The way we do this is by translating Hy into an internal Python AST datastructure, and building that AST down into Python bytecode using modules from the Python standard library, so that we don't have to duplicate all the work of the Python internals for every single Python release.

Hy works in four stages. The following sections will cover each step of Hy from source to runtime.

Steps 1 and 2: Tokenizing and Parsing

The first stage of compiling Hy is to lex the source into tokens that we can deal with. We use a project called rply, which is a really nice (and fast) parser, written in a subset of Python called rpython.

The lexing code is all defined in hy.lex.lexer. This code is mostly just defining the Hy grammar, and all the actual hard parts are taken care of by rply -- we just define "callbacks" for rply in hy.lex.parser, which takes the tokens generated, and returns the Hy models.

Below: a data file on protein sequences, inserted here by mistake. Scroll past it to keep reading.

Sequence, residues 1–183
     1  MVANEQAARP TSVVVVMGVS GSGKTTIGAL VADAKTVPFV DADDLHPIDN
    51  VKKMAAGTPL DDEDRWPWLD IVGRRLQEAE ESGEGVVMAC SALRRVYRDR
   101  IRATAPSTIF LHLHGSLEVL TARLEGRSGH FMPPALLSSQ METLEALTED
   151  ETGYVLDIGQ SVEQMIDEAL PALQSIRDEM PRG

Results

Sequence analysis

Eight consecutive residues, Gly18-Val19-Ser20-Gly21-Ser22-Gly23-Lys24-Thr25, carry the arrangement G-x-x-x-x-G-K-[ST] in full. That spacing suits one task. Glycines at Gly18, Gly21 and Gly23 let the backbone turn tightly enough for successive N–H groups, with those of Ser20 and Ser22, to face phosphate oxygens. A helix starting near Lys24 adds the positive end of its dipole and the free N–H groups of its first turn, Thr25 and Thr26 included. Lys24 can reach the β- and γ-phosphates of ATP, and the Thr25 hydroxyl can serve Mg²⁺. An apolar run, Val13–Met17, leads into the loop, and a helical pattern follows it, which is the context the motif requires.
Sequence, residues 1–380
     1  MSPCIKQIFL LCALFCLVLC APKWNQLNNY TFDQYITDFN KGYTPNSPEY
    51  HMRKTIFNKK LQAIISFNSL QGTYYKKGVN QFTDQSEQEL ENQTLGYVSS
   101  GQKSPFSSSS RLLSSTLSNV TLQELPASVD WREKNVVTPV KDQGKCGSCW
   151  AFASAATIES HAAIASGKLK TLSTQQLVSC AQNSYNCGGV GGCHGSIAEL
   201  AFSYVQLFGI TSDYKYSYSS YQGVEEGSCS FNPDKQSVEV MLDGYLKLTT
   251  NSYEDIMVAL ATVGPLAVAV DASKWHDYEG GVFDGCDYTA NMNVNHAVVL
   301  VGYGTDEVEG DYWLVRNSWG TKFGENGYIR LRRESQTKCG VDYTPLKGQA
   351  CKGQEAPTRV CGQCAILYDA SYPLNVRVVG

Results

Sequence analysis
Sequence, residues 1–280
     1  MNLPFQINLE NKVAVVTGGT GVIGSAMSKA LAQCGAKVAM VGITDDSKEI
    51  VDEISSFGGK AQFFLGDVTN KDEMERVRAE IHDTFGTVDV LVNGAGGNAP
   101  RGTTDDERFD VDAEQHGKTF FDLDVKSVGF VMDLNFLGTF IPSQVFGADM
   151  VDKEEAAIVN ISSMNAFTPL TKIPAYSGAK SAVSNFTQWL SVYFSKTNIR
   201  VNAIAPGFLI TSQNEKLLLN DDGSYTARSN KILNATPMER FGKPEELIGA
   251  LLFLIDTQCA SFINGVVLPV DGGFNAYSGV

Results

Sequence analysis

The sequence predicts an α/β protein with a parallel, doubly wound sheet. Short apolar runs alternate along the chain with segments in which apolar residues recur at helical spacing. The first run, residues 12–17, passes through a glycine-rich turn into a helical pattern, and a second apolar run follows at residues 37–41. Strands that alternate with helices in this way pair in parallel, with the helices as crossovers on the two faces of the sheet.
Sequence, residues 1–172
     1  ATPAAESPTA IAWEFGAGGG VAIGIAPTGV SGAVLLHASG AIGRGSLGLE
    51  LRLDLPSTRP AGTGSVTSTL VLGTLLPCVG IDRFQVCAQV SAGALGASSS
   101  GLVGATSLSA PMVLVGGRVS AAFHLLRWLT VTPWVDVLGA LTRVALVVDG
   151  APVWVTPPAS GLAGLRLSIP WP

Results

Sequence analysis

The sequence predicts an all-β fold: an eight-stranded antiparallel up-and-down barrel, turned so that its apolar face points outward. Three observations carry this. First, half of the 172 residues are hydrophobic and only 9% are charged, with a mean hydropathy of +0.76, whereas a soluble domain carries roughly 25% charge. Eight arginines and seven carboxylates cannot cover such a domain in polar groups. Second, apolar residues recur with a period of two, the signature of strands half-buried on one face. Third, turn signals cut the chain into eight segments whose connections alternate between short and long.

You can think of the Hy models as the "AST" for Hy, it's what Macros operate on (directly), and it's what the compiler uses when it compiles Hy down.


Section Hy Models for more information on Hy models and what they mean.

Step 3: Hy Compilation to Python AST

This is where most of the magic in Hy happens. This is where we take Hy AST (the models), and compile them into Python AST. A couple of funky things happen here to work past a few problems in AST, and working in the compiler is some of the most important work we do have.

The compiler is a bit complex, so don't feel bad if you don't grok it on the first shot, it may take a bit of time to get right.

The main entry-point to the Compiler is HyASTCompiler.compile. This method is invoked, and the only real "public" method on the class (that is to say, we don't really promise the API beyond that method).

In fact, even internally, we don't recurse directly hardly ever, we almost always force the Hy tree through compile, and will often do this with sub-elements of an expression that we have. It's up to the Type-based dispatcher to properly dispatch sub-elements.